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SAT prep in West Caldwell, NJ

10/23/2015

Know the Rules of Punctuation

Here are some punctuation rules to help improve your composition.

How to Use Apostrophes

Apostrophes have many uses. They show possession, as in "John's car." Do not use apostrophes, however, with personal pronouns: his, hers, ours, etc. Remember that names or things ending in "s" should not add another "s" after the apostrophe. Apostrophes also replace missing letters in contractions, "don't," "can't," or "won't." Do not use apostrophes for plurals- "Apostrophe's are for possession, not plural's." When there are two or more owners of the same object, only place the apostrophe after the second owner: John and Mary's house.

Parentheses & Brackets

Never use parentheses and brackets interchangeably. Parentheses enclose information that clarifies or is an aside. You can use parentheses instead of a comma or semicolon if you deem the information to be less important. "She finally told me (after an hour of deliberation) that my pasta dinner was delicious." If the phrase in parentheses ends the sentence, place the period outside the parentheses. If a comma is necessary, place it after the parentheses as well. Brackets are only for use within quotations. They mark material that the author has added to the quotation, a [sic] when the quotation contains a mistake, or changes to the quotation to keep with proper grammar. " '[T]he better angels of our nature,' is how Lincoln ended his first inaugural address." Because the phrase appeared mid-sentence in Lincoln's original speech, the "the" was not originally capitalized.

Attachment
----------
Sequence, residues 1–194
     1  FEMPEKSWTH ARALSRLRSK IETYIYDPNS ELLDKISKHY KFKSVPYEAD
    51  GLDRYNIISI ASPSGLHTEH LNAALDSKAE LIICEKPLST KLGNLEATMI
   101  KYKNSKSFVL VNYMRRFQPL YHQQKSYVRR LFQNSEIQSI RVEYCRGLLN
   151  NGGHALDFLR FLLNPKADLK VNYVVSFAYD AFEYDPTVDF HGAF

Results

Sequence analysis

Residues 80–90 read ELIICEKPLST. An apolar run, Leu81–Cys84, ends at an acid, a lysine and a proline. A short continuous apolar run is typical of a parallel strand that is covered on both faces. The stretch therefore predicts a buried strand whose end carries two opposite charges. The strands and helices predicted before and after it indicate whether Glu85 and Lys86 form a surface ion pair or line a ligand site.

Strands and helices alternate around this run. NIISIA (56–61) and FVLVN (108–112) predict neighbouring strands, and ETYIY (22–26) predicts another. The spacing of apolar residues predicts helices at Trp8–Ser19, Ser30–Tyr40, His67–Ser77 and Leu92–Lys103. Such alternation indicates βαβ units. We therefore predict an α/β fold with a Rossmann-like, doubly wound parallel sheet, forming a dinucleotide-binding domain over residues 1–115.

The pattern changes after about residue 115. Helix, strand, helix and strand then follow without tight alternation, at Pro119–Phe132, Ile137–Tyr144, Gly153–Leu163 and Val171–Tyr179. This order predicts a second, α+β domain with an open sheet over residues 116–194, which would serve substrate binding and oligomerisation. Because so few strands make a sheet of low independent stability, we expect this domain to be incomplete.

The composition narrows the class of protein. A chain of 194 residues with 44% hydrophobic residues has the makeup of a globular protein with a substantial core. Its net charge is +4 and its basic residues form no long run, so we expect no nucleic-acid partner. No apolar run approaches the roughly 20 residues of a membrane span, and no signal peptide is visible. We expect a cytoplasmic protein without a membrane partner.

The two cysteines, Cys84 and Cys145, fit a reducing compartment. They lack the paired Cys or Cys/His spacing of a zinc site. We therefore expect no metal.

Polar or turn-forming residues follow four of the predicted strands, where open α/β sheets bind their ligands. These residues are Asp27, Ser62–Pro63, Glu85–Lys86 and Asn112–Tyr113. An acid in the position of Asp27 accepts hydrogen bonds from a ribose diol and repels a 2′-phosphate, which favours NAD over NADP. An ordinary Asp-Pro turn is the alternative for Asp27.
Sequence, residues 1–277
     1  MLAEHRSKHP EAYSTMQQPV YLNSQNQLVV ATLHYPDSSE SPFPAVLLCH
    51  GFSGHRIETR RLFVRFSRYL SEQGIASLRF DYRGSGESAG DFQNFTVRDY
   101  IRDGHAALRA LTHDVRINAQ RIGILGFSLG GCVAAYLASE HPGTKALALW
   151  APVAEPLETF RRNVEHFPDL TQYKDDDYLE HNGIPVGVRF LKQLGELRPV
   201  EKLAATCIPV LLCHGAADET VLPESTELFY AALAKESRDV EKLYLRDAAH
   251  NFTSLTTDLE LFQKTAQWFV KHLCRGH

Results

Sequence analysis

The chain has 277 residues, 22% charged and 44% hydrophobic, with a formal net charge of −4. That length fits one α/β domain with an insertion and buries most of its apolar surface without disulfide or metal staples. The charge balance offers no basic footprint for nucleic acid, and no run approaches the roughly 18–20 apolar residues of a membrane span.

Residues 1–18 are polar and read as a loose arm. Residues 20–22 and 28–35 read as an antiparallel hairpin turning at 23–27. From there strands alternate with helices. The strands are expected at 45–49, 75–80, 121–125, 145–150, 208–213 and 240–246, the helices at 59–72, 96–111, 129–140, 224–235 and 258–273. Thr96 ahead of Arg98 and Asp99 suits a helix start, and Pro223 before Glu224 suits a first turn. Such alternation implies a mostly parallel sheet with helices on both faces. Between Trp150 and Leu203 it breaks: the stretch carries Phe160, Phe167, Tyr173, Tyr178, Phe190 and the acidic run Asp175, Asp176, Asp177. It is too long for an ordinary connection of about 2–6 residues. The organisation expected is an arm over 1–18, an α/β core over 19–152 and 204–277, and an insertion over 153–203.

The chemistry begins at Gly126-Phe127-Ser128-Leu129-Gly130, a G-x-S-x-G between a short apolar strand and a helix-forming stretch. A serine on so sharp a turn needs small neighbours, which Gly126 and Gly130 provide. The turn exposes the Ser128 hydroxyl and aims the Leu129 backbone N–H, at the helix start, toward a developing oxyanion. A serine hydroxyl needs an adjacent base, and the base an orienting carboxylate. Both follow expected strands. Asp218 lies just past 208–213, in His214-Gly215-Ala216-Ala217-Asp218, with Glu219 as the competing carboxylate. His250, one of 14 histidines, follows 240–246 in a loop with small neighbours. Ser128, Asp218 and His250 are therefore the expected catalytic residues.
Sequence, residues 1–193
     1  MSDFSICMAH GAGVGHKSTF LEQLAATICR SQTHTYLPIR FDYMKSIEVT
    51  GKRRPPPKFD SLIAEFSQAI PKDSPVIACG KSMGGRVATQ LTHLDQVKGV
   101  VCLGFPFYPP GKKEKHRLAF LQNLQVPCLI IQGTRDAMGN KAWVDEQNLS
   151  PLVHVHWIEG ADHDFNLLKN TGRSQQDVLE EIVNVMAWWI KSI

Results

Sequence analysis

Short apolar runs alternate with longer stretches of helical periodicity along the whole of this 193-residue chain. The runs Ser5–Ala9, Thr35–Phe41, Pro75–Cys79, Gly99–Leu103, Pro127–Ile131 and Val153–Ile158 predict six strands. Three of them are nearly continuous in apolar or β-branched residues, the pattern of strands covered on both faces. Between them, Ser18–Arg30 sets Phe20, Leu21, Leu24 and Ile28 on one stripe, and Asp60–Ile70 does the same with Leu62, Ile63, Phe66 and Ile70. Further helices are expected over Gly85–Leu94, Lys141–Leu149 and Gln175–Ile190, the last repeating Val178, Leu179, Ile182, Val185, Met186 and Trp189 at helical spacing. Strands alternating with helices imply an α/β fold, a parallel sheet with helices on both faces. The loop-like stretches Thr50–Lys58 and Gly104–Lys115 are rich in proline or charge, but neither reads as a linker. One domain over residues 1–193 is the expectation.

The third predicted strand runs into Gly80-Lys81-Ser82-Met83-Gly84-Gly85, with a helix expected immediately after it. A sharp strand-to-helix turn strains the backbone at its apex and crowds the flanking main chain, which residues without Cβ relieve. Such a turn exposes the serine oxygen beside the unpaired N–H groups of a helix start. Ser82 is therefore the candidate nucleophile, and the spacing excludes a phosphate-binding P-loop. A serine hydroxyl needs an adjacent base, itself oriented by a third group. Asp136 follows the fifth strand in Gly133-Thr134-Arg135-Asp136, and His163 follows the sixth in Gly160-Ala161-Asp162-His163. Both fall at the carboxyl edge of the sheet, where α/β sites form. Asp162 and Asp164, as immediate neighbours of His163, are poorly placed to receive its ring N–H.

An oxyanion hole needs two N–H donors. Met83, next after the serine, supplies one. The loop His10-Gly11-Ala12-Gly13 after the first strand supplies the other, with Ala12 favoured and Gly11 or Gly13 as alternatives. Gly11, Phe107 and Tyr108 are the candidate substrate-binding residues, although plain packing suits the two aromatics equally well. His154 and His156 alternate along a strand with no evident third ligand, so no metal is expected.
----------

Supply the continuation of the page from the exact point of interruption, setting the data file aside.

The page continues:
Using Semicolons

A semicolon is a period atop a comma for a reason- they are just short of a full stop. Use a semicolon to connect two complete sentences you want to join together. "I ate at the Thai restaurant; the food was delicious." You should also place a semicolon before words such as "however," "therefore," and "for example" when these are followed by complete sentences. "I brought 100 hundred sandwiches; however, they were not enough to feed the class." Semicolons can also replace commas to separate list items or independent clauses when these contain commas. "I went to Tuscaloosa, Alabama; Cleveland, Ohio; and Miami, Florida."

For Tutoring in West Caldwell

At The Tutoring Center in West Caldwell, we offer one-to-one tutoring in writing, reading, math, and more. Visit our webpage to learn more about our academic programs and call 862-210-8600 to get your free diagnostic assessment today.

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